Thursday, January 06, 2011

Milk Bottles

We bought organic, raw milk from a nearby farm for a year or so, then could no longer afford the wonderful stuff. We went back to milk from Kwik Trip (a local chain of gas stations with a really nice setup for their convenience stores as well). I bought it in gallon plastic jugs for a long time. Then I got sick of dumping all those big jugs in our recycling, and switched over to their milk in a bag.

The advantage is that these bags have a lot less plastic in them. They are LDPE 4, and I put them in our recycling, though I'm not certain that anything ever comes of it. This picture shows two half-gallon bags.

But you have to either put the whole bag in a pitcher (Kwik Trip has free pitchers that are made especially for their bags) or pour the milk out of the bag into some kind of container.

I'm using half-gallon sized glass milk bottles. I bought one at The Way Station first, imprinted with the logo of a dairy in Missouri somewhere. Then I bought 3 more blank ones from Local Amish Farms by mail order.
Three of them will fit neatly on my fridge door.

The greatest thing is that all of a sudden my kids are drinking just a ton of milk. I'm not sure why, and I'm afraid to show that I noticed by asking. Barry thinks it's because those bottles are so easy to grip, even for small hands. Myself, I think there's something delicious about milk in a glass bottle, but then I'm abysmally old-fashioned and love low-tech solutions, so it's probably not that. Anyway, I'm glad with the result. Their bones will thank them later.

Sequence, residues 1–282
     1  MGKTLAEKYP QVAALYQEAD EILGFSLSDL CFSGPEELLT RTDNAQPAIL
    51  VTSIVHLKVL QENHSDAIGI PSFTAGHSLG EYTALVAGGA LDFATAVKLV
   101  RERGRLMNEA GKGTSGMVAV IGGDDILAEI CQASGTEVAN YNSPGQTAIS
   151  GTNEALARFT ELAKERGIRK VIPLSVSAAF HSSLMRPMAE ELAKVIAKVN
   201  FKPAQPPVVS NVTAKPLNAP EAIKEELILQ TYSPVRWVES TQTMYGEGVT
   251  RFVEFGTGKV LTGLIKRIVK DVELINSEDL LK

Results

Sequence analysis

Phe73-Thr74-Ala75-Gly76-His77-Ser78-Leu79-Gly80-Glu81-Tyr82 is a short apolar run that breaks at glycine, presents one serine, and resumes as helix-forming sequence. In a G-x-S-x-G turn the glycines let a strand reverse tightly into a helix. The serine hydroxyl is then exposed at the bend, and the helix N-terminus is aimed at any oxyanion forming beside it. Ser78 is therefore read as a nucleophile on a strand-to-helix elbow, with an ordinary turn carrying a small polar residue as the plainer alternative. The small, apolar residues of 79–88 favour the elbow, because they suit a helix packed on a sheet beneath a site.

Plastic haters say that milk should always be stored in glass, and I imagine that's so. Our solution does not deal with this issue, really, as who knows how long the milk was in those plastic bags. On the plus side, LDPE 4 is one plastic that does not include bPA. I'm not trying too hard to get that out of my house (yet) but I am trying to be more aware of when we are using it, at least, and I'm using the bPA free canning lids more and more.

6 comments:

Rod said...

Kwik Trip is going to expand their dairy plant, located in LaCrosse, WI. My firm is submitting a proposal to them for engineering and architecture related to the expansion. Your comments referenced the how long the milk is in the bags. Based on a facility tour and information from the plant operations people, the milk spends less than 24 hours at the plant. It arrives from the farm and is typically in their store coolers the very next day. My family also buys milk in bags from Kwik Trip - and I like the glass bottle idea. We use Rubbermaid pitchers now. I'll be looking for glass bottles online.

Maria Stahl said...

Thanks Rod, that's very helpful information! I like Kwik Trip for many reasons. Here's another to add to the list.

Catherine said...

Thanks Maria. I enjoyed this post. Very helpful.

Halcyon said...

Very interesting. I just moved to Toronto where they also have milk in bags. I finally figured out what you're supposed to do with them!

I like the idea of a glass milk jug, but how do you wash and sterilize them? I would think they're too big for the dishwasher.

Maria Stahl said...

Dear Halcyon -

Yes, they're too large for the dishwasher, and the mouth is too small to allow the water to swish around nicely in there anyway. I use very hot soapy dish water and a bottle brush to scrub them out.

Stephanie said...

I was looking for the half gallon glass bottles that you have but they do not have those lids you show in your pic. It appears in your picture that your lid also has a handle that fits around the lower part. Did you buy those separate?